The original lawsuit was filed in July by VMG Salsoul, the copyright owner of a 1976 composition called 'Love Break.' The plaintiff alleged that it was only through new technology that the "deliberately hidden" sampling had been detected.
But a U.S. District Court judge in California has ruled on summary judgment that sampling of the Horn hit was 'trivial,' in that in could not be recognized.
'Having listened to the sound recordings of Chicago Bus Stop, Love Break, and Vogue, the Court finds that no reasonable audience would find the sampled portions qualitatively or quantitatively significant in relation to the infringing work, nor would they recognize the appropriation,' the ruling reads. 'The Court finds that any sampling of the Horn Hit was de minimis or trivial.'
The ruling had the potential of addressing a standard set in a 2006 case involving a N.W.A. rap song that sampled a Funkadelic riff. In that Bridgeport Music v. Dimension Films case, the 6th Circuit Court of Appeals wouldn't tolerate the sampling and looping of a two-second guitar chord. An appeals court wrote at the time, 'Get a license or do not sample. We do not see this as stifling creativity in any significant way.'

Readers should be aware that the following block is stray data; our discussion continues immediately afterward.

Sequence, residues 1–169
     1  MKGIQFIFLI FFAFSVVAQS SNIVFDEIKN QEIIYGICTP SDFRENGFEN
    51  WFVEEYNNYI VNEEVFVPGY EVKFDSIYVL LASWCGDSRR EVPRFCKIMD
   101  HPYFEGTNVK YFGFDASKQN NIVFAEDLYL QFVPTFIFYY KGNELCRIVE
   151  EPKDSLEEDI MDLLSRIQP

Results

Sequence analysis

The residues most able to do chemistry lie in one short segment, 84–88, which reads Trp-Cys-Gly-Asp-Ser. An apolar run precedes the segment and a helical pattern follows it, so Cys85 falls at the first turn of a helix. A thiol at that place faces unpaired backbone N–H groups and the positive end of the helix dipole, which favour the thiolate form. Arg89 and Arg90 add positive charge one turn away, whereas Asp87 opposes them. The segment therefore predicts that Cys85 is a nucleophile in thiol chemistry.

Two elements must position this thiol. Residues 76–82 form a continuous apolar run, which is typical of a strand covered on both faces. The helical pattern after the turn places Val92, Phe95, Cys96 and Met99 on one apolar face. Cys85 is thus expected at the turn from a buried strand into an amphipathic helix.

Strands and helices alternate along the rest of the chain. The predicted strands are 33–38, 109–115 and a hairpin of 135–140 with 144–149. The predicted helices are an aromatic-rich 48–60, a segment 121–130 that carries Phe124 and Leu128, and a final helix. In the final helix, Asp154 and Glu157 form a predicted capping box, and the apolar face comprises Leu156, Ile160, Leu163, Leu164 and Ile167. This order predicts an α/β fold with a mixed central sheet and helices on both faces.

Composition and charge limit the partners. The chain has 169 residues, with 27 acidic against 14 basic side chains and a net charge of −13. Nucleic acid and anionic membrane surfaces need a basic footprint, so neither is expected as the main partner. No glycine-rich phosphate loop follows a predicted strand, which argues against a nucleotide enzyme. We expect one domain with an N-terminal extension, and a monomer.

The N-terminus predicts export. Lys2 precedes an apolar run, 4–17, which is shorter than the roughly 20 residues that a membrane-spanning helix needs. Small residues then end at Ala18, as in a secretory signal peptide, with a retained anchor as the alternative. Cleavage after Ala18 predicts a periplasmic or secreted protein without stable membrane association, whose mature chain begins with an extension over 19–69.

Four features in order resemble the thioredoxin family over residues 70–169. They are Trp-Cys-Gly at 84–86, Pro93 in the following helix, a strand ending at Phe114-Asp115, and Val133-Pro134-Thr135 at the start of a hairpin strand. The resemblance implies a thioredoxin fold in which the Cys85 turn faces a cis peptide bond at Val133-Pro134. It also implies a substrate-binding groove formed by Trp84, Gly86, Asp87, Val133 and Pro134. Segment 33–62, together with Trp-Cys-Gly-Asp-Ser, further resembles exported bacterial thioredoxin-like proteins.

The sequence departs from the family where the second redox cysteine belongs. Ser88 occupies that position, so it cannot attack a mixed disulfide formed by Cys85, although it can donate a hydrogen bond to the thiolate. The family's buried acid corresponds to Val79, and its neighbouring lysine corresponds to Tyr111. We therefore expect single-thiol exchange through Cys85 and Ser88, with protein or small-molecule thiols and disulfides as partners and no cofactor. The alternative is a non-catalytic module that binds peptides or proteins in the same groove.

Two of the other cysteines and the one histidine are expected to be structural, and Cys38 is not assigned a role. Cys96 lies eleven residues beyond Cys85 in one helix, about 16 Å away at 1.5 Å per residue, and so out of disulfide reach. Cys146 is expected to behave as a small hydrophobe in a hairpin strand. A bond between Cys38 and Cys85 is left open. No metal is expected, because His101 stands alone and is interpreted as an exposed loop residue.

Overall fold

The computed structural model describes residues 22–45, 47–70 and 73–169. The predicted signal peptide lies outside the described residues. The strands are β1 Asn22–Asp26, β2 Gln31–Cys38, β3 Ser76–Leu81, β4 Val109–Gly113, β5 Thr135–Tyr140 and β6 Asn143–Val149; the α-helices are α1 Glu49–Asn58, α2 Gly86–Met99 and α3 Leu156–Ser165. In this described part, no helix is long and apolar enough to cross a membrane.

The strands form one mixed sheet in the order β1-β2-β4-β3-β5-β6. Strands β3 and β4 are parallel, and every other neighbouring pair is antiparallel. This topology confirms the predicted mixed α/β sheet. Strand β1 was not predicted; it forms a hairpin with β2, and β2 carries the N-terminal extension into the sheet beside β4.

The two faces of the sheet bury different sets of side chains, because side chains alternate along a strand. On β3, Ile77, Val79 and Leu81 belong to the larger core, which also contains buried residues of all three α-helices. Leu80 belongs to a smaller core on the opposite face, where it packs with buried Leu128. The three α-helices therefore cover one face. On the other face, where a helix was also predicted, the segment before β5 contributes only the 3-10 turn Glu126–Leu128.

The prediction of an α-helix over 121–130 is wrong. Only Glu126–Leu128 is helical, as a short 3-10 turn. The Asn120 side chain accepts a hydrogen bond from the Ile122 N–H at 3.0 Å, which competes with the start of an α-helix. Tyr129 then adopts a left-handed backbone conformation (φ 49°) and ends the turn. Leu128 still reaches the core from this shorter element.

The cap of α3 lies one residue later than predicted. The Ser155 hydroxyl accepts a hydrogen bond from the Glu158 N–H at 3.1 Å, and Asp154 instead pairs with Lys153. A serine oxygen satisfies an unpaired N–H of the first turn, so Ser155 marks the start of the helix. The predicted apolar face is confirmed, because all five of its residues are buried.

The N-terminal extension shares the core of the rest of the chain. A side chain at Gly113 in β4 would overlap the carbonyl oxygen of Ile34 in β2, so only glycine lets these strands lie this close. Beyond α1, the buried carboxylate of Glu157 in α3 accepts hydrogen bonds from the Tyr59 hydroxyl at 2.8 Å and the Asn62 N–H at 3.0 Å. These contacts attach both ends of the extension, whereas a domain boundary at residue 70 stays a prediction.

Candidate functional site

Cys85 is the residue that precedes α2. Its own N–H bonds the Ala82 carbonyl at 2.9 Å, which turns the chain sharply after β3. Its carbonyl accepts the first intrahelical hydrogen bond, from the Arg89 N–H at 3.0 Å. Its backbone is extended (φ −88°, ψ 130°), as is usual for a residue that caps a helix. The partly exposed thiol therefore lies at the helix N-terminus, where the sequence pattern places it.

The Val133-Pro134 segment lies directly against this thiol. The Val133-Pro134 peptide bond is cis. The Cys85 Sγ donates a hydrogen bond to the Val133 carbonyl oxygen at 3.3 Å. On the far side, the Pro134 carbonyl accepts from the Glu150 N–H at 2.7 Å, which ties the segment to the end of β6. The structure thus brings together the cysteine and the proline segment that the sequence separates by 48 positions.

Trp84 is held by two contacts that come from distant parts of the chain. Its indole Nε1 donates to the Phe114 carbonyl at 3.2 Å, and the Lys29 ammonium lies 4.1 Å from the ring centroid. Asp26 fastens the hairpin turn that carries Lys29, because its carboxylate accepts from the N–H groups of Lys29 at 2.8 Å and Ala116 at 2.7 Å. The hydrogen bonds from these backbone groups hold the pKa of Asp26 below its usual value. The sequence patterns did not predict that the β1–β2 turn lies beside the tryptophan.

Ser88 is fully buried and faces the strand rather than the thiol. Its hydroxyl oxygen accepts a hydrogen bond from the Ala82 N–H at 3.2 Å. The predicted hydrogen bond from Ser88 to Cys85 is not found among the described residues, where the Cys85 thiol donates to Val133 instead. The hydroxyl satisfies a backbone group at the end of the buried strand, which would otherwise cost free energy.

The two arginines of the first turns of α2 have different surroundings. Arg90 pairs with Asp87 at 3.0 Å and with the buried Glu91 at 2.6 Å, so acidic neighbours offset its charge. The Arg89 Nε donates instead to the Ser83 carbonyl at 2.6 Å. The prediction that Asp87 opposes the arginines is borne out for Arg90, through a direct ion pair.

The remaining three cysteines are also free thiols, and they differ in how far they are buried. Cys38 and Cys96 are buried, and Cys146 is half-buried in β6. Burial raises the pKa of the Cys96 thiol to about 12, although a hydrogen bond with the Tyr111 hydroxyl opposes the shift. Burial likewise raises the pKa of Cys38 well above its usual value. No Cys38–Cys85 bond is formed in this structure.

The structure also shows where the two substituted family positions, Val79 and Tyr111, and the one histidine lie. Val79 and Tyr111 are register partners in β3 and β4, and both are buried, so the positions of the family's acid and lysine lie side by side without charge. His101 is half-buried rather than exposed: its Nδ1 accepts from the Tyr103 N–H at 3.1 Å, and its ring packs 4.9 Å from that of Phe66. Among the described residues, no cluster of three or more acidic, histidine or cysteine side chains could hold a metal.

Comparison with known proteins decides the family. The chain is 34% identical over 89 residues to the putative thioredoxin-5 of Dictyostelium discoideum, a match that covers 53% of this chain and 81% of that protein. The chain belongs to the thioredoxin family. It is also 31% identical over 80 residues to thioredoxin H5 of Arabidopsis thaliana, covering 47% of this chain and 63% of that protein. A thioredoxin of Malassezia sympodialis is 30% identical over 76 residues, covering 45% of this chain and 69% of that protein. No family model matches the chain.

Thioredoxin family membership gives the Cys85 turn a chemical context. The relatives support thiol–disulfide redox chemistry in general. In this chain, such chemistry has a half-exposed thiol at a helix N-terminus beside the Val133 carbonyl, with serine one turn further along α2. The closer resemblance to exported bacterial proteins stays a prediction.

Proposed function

In the present case, U.S. District Judge Beverly O'Connell somewhat sidestepped the issue of whether a very brief sample could ever amount to copyright infringement, declining to adopt any bright-line rule from a different circuit. The judge added that it wasn't appropriate to apply that case because there wasn't clarity whether there was copying or independent creation or, indeed any sampling at all.
Says attorney Richard Busch, who represented the defendants: 'We are thrilled with the decision, and believe it is absolutely the right result.'
From Billboard.com / THR.com